> allows this kind of assignment with built-in types as well. But since
this
> construction seems so un-natural, I usually prevent it for
user-defined
> types by defining operator= to return a reference to a const object
> instead.
>
> I don't understand why I would ever want to return a mutable lvalue
from an
> assignment expression/operator. Any thoughts?

So you could call a non-const method for the result of an assignment,
for example.

struct A
{
void whatever() {}
};

A a, b;

(a = b).whatever();

Just a compact way of writing "a = b; a.whatever();".

Victor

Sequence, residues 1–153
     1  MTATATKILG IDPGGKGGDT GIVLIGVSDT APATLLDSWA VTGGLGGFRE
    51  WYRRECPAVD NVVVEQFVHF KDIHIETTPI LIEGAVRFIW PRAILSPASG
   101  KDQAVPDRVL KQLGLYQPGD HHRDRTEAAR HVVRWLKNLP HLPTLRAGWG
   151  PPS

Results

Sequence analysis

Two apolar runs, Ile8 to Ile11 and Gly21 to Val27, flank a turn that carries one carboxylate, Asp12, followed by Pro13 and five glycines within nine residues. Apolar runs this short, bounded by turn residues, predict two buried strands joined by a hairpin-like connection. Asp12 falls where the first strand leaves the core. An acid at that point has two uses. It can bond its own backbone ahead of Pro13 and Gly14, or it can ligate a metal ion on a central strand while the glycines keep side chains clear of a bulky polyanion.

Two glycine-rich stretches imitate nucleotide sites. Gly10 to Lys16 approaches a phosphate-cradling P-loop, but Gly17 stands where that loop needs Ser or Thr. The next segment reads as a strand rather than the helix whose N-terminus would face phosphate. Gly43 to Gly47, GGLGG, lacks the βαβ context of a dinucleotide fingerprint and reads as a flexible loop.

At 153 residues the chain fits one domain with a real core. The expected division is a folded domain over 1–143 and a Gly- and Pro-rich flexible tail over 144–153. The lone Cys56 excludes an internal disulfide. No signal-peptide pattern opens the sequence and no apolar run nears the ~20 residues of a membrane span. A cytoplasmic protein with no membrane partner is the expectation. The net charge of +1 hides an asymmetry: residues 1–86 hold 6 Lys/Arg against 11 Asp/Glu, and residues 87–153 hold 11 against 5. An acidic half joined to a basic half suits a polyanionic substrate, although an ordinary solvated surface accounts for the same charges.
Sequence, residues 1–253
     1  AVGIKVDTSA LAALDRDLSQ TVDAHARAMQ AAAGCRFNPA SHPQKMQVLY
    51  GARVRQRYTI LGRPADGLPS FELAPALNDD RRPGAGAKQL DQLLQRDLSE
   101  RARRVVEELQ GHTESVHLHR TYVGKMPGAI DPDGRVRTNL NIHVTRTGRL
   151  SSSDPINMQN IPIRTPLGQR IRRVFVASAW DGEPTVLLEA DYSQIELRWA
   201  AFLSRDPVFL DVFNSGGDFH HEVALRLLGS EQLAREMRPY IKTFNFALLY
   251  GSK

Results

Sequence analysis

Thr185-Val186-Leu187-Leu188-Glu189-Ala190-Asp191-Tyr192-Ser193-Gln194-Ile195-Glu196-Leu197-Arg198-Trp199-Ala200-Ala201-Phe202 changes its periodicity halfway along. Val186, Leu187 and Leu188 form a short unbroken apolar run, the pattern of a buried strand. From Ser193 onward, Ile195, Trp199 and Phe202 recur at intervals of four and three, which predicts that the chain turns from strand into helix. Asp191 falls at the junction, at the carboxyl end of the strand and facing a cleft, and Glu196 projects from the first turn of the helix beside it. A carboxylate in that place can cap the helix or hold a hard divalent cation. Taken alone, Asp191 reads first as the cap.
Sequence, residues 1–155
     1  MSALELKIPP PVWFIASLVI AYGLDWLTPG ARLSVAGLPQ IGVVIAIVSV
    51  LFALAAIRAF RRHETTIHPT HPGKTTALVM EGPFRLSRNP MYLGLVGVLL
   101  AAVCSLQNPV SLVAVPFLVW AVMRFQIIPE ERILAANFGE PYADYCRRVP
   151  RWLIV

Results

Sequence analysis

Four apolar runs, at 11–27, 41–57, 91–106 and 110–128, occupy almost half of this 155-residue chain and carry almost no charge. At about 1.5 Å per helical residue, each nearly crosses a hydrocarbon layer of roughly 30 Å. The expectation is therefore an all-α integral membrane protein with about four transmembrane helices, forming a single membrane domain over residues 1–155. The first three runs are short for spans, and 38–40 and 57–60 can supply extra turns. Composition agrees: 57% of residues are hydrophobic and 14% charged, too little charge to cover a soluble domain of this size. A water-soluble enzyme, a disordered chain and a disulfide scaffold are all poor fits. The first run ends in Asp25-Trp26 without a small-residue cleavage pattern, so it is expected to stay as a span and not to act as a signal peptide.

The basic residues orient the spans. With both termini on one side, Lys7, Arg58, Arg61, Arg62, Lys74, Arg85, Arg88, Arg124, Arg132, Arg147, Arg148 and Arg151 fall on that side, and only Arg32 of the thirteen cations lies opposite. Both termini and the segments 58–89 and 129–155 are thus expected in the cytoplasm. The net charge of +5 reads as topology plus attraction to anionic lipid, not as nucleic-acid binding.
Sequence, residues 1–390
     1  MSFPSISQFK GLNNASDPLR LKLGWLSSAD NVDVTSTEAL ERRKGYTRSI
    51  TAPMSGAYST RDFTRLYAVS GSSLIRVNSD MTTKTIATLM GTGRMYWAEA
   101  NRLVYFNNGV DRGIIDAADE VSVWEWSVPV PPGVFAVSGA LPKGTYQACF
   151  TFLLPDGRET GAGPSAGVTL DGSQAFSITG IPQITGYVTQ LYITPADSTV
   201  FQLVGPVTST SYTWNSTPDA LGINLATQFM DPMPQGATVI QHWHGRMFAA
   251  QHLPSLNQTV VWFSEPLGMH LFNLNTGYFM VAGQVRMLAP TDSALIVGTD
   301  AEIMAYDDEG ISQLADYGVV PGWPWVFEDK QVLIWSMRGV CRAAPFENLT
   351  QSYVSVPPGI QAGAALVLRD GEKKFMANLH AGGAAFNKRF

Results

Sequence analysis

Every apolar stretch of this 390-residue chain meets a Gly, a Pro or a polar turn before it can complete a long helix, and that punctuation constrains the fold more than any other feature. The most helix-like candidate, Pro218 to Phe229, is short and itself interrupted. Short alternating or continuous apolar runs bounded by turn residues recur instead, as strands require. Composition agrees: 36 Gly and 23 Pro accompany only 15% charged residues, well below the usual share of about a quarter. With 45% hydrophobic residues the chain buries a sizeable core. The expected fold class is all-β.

--
Please remove capital A's from my address when replying by mail

Carlos Moreno

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Jul 28, 2000, 3:00:00 AM7/28/00
to
Greg Hickman wrote:
>
> A default assignment operator returns a mutable reference to the left hand
> side, making it possible to write what -- to me at least

Count me too on that one!

> assignment expressions like:
>
> class MyClass {...};
> MyClass a, b, c;
> ...
> (a = b) = c;
>
> which ultimately leaves 'a' with the value held by 'c'. In fact, my
> compiler
> allows this kind of assignment with built-in types as well.

In C++, unlike in C, the result of an assignment is a reference to
the assigned expression -- that's why the IMO absolutely senseless
assignment that you showed above is allowed for built-in types.

> But since this
> construction seems so un-natural, I usually prevent it for user-defined
> types by defining operator= to return a reference to a const object